Debts throughout the world are very high, and a lot of debts are denominated in dollars. And if dollar funding costs rise, this could be a strain on countries’ sovereign financial institutions.
In China, there has been a massive rise in corporate debt, which may become unsustainable if the Chinese economy slows. Other countries too have seen a surge in private-sector debt. If optimism is replaced by pessimism, there could be a ‘Minsky moment’, where people start to claw down on debt and banks become less generous in lending. This could lead to another crisis and a global recession. A trigger could be rising interest rates, with people finding it hard to service their debts and so cut down on spending.
The third danger is the slow growth in labour productivity combined with aging populations in developed countries. This acts as a brake on growth. The rise in AI and robotics (see the post Rage against the machine) could help to increase potential growth rates, but this could cost jobs in the short term and the benefits could be very unevenly distributed.
This brings us to a final issue and this is the long-term trend to greater inequality, especially in developed economies. Growth has been skewed to the top end of the income distribution. As the April 2017 WEO reported, “technological advances have contributed the most to the recent rise in inequality, but increased financial globalization – and foreign direct investment in particular – has also played a role.”
And the policy of quantitative easing has also tended to benefit the rich, as its main effect has been to push up asset prices, such as share and house prices. Although this has indirectly stimulated the economy, it has mainly benefited asset owners, many of whom have seen their wealth soar. People further down the income scale have seen little or no growth in their real incomes since the financial crisis.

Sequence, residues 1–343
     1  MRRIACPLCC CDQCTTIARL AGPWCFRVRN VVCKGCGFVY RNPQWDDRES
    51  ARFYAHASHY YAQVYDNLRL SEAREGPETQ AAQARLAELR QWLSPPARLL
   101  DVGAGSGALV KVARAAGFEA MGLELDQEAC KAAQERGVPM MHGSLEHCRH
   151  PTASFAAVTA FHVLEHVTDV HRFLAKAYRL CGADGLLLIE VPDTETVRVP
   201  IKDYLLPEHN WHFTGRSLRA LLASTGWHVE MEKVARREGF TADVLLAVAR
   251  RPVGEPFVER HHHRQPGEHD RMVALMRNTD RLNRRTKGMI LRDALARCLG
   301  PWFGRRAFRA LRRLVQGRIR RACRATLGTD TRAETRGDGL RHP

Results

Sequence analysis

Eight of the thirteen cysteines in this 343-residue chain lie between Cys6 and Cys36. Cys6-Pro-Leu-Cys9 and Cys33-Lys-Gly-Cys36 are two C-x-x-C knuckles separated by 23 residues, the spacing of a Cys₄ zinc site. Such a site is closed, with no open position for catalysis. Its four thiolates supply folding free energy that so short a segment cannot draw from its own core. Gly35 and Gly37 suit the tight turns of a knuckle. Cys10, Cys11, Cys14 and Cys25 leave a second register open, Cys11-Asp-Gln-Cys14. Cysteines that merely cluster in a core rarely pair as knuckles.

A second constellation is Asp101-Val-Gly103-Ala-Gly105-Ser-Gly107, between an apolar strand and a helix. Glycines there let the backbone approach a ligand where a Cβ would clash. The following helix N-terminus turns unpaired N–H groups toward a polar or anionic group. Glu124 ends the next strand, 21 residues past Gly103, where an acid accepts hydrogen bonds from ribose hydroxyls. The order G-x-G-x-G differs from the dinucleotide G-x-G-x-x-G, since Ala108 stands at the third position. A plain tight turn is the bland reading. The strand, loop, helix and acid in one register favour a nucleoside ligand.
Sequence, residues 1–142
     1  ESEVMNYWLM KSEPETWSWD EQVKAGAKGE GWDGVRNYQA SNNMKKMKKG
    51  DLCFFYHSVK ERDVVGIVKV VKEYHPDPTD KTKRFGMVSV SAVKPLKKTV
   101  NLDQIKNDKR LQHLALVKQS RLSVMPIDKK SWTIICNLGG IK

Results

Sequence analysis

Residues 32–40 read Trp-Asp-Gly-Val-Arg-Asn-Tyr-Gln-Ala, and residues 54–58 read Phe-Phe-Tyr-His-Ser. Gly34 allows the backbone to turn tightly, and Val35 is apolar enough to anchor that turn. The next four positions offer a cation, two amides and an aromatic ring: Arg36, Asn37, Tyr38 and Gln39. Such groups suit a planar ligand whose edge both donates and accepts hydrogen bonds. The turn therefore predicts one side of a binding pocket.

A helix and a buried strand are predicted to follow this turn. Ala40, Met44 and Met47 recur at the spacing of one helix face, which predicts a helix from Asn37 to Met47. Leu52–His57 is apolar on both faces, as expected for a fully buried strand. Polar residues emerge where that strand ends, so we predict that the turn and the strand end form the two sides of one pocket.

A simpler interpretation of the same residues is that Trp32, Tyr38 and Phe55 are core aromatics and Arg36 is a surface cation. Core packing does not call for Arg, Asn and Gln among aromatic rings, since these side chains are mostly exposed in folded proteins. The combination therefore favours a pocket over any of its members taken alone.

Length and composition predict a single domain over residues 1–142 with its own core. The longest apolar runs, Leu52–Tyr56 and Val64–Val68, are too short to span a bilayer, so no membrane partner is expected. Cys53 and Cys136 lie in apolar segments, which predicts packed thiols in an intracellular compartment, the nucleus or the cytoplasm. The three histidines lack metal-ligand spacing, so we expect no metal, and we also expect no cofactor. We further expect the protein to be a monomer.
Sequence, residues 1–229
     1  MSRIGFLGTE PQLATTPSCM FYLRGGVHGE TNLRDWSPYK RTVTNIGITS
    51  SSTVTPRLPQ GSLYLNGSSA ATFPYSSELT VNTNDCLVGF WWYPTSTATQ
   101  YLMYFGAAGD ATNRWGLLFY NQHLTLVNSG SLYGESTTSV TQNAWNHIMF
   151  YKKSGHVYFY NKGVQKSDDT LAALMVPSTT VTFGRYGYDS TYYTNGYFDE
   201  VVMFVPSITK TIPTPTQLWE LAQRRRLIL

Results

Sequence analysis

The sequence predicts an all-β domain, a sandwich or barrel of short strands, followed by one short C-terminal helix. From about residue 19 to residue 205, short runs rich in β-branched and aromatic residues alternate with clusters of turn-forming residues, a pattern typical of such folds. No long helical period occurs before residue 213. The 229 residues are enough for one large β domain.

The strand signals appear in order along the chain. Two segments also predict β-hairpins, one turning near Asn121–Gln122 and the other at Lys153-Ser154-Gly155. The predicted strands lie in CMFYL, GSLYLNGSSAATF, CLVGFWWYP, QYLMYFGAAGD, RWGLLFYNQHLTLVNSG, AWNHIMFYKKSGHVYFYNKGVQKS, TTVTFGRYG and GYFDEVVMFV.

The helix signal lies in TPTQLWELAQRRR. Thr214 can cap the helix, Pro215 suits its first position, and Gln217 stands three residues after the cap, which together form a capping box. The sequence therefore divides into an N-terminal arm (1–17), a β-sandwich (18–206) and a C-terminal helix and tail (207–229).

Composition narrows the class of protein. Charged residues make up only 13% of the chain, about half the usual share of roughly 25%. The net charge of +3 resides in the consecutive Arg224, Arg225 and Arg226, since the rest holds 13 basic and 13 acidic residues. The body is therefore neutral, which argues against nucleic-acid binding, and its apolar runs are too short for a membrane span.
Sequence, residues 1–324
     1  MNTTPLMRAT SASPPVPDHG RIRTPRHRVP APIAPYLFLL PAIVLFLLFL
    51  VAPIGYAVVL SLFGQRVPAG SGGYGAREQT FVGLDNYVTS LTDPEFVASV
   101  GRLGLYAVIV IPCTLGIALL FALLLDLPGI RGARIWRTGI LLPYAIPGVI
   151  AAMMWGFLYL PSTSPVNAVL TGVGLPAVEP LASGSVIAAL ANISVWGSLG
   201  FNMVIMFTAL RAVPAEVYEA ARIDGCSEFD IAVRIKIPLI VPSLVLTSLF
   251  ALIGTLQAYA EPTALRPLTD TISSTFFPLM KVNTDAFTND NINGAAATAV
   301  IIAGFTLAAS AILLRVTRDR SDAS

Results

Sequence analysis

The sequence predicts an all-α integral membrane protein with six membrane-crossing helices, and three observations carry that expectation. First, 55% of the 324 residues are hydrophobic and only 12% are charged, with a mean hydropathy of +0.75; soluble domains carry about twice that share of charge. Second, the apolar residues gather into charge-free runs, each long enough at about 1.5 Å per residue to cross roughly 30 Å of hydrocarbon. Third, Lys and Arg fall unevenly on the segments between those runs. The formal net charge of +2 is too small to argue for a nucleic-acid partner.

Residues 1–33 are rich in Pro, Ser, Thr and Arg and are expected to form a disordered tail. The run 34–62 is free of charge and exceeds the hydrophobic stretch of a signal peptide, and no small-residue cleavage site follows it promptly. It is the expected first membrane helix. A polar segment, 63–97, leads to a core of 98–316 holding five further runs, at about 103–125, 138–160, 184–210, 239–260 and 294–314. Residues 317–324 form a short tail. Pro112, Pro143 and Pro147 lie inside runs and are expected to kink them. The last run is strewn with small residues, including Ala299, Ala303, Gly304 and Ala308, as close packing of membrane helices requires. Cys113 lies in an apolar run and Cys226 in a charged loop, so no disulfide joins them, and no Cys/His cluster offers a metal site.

- Clouds gather over global economy, casting long shadow on Europe
Politico, Pierre Briançon (18/4/18)
- IMF warns rising trade tensions threaten to derail global growth
Reuters, David Lawder (17/4/18)
- IMF outlook contains cause for celebration but a horrendous hangover is looming
The Guardian, Greg Jericho (18/4/18)
- World trade system in danger of being torn apart, warns IMF
The Guardian, Larry Elliott (17/4/18)
- IMF Warns of Rising Threats to Global Financial System
Bloomberg, Andrew Mayeda (18/4/18)
- IMF issues warning on global debt
BBC News, Andrew Walker (18/4/18)
- The IMF has a simple message: the global recovery will peter out
The Guardian, Larry Elliott (17/4/18)
- Global growth is built, alas, on shaky foundations
The Irish Times, Martin Wolf (18/4/18)
- Government debt
The Economist (19/4/18)
- This Is How Much Money the World Owes
- For what reasons may the IMF forecasts turn out to be incorrect?
- Why are emerging and developing countries likely to experience faster rates of economic growth than advanced countries?
- What are meant by a ‘positive output gap’ and a ‘negative output gap’? What are the consequences of each for various macroeconomic indicators?
- Explain what is meant by a ‘Minsky moment’. When are such moments likely to occur? Explain why or why not such a moment is likely to occur in the next two or three years?
- For every debt owed, someone is owed that debt. So does it matter if global public and/or private debts rise? Explain.
- What have been the positive and negative effects of the policy of quantitative easing?
- What are the arguments for and against using tariffs and other forms of trade restrictions as a means of boosting a country’s domestic economy?